We Tagged Along With Orange Sky Australia To See How A Mobile Laundry Makes A Difference

Orange sky

It’s hard to miss the Orange Sky crew — that glaring-orange van catches your eye from a mile away. As I walked up to check out the Newtown service in action a couple of minutes early, I wondered if anyone would be there yet, but it was already bustling.

Brad (the volunteer who heads up the services in Sydney), was there with a smile as bright as the van itself. He’s been with Orange Sky — a free mobile laundry service cooked up by a couple of clever 20-year-olds — for about six years, now. He affectionately refers to those young founders, Lucas Patchett and Nic Marchesi, as ‘the boys’, given he’s got a couple of decades on them.

Back in 2014, those boys had the idea to chuck washing machines and dryers into the back of an old van and do free laundry for any folks who were doing it tough. After a couple of failed starts, they finally got the machines working and realised there’d be nothing to do while it was spinning…

So, on that first day, they had a little chinwag.

“Our first friend was a fella named Jordan who went to school just up the road from me and studied engineering at the same university that I was partway through,” says Lucas. “He had worked as an engineer around Brisbane in some big firms. I can just remember all of a sudden having that ‘aha moment’ where this guy was eight or nine years older and I was on the exact same path — but in a totally different situation.”

During that chat, Jordan said it was a long time since he’d spoken to someone without feeling judged.

Eight years on, Orange Sky may have expanded with vans across the country, mobile showers, laundry pods, landromats and crews that help after disasters, but non-judgemental conversations are still at the heart of all of it.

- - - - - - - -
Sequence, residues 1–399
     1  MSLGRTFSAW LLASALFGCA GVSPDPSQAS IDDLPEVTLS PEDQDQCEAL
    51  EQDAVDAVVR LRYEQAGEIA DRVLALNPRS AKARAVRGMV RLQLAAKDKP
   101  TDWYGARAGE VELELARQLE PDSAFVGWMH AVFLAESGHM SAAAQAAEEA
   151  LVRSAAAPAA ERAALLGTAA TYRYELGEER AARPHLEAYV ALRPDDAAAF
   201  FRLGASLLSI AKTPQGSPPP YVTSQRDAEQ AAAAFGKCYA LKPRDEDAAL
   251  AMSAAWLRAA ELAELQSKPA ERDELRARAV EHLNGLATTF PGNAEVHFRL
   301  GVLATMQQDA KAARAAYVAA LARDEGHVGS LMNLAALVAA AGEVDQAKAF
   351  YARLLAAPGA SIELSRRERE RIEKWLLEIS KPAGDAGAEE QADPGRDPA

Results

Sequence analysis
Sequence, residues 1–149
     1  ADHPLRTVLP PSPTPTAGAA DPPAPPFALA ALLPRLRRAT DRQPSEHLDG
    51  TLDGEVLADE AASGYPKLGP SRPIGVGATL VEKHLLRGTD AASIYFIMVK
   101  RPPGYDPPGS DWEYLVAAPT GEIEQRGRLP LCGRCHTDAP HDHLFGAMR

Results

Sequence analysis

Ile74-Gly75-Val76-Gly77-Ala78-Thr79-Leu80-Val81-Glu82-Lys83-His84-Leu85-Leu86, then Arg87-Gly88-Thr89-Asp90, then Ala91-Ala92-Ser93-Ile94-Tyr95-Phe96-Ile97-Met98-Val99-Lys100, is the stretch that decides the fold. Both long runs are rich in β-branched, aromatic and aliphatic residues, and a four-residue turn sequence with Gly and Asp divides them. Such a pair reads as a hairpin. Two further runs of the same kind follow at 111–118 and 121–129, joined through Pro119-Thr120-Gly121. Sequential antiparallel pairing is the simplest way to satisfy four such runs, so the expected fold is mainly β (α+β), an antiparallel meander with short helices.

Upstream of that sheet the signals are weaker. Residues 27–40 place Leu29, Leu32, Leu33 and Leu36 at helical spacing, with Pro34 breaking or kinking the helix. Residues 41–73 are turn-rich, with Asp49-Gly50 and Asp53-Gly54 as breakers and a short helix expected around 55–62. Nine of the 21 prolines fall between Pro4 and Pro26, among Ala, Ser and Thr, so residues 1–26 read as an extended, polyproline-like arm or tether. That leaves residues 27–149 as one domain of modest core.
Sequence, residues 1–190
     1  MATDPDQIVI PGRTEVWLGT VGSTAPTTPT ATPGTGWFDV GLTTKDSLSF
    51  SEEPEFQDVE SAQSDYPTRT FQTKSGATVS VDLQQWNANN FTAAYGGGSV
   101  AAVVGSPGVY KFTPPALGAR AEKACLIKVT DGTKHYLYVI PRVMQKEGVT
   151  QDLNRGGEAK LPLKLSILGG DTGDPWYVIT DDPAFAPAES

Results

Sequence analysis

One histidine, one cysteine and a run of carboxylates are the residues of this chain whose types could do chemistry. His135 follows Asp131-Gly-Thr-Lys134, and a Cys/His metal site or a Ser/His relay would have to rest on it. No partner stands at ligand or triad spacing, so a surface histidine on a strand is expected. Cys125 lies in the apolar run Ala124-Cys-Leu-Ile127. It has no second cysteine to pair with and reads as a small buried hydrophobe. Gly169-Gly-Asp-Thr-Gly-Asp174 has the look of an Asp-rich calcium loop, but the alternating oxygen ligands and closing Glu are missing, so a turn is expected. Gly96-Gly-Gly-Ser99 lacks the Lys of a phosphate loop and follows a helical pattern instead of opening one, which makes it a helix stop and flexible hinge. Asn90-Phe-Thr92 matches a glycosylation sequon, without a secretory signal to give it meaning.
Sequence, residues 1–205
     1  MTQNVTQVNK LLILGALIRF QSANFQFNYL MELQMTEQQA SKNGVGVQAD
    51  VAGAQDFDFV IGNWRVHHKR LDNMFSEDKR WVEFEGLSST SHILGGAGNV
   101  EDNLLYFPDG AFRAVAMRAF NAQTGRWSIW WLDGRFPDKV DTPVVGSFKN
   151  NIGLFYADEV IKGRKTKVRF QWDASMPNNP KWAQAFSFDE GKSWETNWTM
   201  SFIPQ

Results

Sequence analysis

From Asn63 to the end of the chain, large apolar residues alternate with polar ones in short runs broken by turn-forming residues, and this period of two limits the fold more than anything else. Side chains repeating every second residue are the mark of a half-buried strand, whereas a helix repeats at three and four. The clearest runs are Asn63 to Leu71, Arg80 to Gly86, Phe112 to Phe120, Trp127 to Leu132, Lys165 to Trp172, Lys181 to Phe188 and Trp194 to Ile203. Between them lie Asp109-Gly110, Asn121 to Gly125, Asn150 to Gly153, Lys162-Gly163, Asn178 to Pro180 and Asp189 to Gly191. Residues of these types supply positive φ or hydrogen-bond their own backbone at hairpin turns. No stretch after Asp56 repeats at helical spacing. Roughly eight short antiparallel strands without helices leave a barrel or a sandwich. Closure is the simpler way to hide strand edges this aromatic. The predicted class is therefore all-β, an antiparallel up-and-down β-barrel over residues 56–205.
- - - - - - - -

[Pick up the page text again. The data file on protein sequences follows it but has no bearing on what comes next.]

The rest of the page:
According to the most recent census data we have available (from 2016), in Australia, more than 116,000 people are estimated to be experiencing homelessness.

“Generally the misconception is that this is all about those 10 people that you might see on your way to work or when you walk around town, but it’s much broader than that,” says Lucas. “Only about seven per cent of people experiencing homelessness are sleeping rough, so it’s actually people who are couch-surfing, in crisis accommodation, refuges or sleeping in tents and cars and those things.”

Orange Sky welcomes anyone to engage with its service — only referring to the folks who do as friends. All volunteers and friends are local and usually stick to the same shift time, so solid connections can form.

Everyone I chatted with had stories of friends who would move away and continue to commute a good 30 to 40 minutes to see their regular crew. Even Nic and Lucas themselves, who have a bunch of employees and thousands of volunteers these days, still do regular laundry shifts to stay connected with the community.

As Brad shows me around Rebecca (yes, that’s the name of the van. Donors who fund them get to choose), he explains how there are plans in place to give her an upgrade.

Later in the year, Orange Sky will drop exciting announcements about enhancing their fleet of vans. Orange Sky’s new innovative arm, Team Delta, is currently working hard to create more reliable and sustainable vans. We love to see it.

Sweet Rebecca. Look at her go.

Another reason Orange Sky is working on innovation is because of one huge goal the team set in 2020. They want to triple their impact and help 40,000 people in 2025. Last year’s total sat at 22,000 — so Lucas says they’re on track, but still have a long way to go.

Last year, the focus was on figuring out options that would work in remote communities.

“Laundromats are lowest cost and lowest barrier to entry, so we’ve now got shifts running in Wagga Wagga, Dolby, Castlemaine and Toowoomba,” says Lucas. “Finding what works for each community is what we’ve been focussing on. Now it’s bringing them into those communities.”

Part of what brings more impact to those communities is donations. Orange Sky doesn’t get government funding, so if you’re keen to help the team triple their impact to help more folks than ever, you can purchase a $10 raffle ticket through Play For Purpose. Every ticket bought contributes to a charity like Orange Sky, and puts you in the running to win a first prize worth $250,000 — a win-win.

To date, nearly $150,000 has been raised for Orange Sky through the Play For Purpose Raffle, which has resulted in over 6000 loads of washing and 6000 showers for people doing it tough.

While those loads of washing and showers certainly make a difference, I think Campbell, a friend of Orange Sky’s that I chatted to on a cold and gloomy Thursday, summed up the meaningful impact of Orange Sky best:

“It’s a beautiful day.”